As training professionals, we live our lives (at least our work lives) creating training programs to impact our organizations. Our well-developed training is constant competition against project deadlines, reports, meetings and so much more. Attention spans have changed dramatically over the last decade.
These changing dynamics beg the question, “How do we know our adult learners are really learning or if they are just ‘checking it off the to-do list’ for required training?”
How can you help your learners hear the message, understand it, retain it, and put it to use? How can you make it stick?
Here are some ideas that Orgwide puts into practice to make our clients training stickier.
What’s in it for me?
First, we need to ensure that the knowledge we are teaching is relevant to the learners and that we clearly define how it is relevant. As we develop our content, remember that adult learners pay attention to information that they deem as important and relevant to them. We need to clearly state the benefit, or “what’s in it for them,” early and reinforce it often.
In which area below, will your learners find relevance and value:
- Job Satisfaction
Creating smaller bursts of learning helps people digest information and retain it. Instead of creating one 30-minute eLearning, create two or three smaller segments.
How often do you click on something online that interests you only to stop after a couple minutes because it’s just too much? There’s a reason why so many social media sites have limits to word count or video length. They have done their research and know that shorter can be much better.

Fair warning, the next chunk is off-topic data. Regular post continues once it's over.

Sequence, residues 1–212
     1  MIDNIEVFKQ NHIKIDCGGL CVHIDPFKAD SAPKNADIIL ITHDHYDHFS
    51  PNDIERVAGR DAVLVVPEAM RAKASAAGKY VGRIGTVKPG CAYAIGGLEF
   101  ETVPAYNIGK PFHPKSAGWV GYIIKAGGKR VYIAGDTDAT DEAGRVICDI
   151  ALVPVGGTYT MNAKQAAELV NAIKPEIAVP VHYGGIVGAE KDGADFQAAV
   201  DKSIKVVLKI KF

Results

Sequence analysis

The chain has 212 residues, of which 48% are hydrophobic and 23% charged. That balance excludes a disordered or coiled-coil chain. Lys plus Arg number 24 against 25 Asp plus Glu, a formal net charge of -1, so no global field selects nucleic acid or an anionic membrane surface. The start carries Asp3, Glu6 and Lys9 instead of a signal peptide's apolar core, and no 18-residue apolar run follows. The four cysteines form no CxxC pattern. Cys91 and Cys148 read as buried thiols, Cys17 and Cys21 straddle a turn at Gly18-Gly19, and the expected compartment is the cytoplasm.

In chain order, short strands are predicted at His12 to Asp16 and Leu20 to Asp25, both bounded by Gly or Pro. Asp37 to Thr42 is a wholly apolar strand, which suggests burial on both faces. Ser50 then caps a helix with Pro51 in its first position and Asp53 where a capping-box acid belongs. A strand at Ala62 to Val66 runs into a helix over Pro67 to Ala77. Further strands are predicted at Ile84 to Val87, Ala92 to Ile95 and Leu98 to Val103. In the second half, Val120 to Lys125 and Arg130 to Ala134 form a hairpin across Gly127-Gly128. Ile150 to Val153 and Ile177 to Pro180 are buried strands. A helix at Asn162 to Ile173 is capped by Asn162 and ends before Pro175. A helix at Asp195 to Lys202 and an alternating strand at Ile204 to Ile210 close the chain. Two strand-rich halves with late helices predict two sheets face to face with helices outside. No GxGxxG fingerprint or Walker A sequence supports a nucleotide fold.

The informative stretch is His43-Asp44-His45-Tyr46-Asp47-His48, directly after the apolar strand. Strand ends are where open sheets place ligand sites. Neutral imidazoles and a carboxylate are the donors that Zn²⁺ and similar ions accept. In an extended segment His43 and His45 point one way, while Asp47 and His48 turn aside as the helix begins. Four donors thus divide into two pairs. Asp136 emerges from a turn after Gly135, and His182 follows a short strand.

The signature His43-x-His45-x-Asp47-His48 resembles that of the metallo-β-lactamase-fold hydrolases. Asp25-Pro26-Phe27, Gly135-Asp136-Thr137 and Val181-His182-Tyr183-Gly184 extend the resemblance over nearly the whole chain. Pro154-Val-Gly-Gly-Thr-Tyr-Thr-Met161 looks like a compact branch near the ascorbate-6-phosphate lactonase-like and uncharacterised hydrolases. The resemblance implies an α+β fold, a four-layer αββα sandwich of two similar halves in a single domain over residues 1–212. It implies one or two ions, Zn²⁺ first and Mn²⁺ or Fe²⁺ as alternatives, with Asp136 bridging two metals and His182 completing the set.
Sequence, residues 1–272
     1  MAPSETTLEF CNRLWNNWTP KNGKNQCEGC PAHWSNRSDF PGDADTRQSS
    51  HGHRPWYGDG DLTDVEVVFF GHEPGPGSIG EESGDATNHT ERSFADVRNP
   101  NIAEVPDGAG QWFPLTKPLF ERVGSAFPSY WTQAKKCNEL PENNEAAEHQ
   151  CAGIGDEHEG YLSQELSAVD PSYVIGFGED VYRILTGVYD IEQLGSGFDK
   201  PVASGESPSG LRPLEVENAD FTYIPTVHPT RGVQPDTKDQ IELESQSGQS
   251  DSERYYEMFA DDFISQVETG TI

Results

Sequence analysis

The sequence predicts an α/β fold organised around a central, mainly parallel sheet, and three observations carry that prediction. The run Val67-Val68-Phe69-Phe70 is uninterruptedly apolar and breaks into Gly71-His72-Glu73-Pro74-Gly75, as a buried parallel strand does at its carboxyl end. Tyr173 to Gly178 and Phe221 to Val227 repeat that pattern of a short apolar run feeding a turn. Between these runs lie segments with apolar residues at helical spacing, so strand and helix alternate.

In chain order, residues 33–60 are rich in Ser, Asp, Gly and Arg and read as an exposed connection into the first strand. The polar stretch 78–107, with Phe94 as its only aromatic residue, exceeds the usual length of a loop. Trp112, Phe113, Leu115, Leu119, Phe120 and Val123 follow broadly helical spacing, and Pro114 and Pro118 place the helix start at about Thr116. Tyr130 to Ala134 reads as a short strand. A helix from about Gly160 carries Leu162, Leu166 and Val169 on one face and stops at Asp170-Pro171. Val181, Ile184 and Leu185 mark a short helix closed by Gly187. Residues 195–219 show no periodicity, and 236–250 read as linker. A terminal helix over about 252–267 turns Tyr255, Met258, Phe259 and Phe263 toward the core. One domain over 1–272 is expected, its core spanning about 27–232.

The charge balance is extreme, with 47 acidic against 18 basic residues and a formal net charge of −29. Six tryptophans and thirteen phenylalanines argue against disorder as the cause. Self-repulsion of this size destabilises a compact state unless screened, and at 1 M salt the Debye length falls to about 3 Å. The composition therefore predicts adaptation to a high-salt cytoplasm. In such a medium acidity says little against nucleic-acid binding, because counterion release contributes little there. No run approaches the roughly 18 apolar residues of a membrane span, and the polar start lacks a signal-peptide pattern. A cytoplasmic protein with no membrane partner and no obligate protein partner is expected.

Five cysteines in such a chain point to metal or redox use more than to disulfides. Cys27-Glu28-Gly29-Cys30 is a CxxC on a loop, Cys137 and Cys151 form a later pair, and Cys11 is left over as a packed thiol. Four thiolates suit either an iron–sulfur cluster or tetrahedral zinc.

Try it, you’ll like it!
Give learners a chance to use their new knowledge before introducing another concept or skill. This ties directly into creating shorter segments of learning instead of bombarding them with too many topics at once.
Give learners opportunities to recall the information throughout the training. Share the concept or skill and let them test their own memory. In eLearning, this can be done through an interactive exercise like drag-and-drop or matching activities. For instructor-led classes, polls are an effective way to practice recall during virtual sessions and small group discussions.
Remember these key concepts as you create learning that is engaging, impactful, and truly sticks.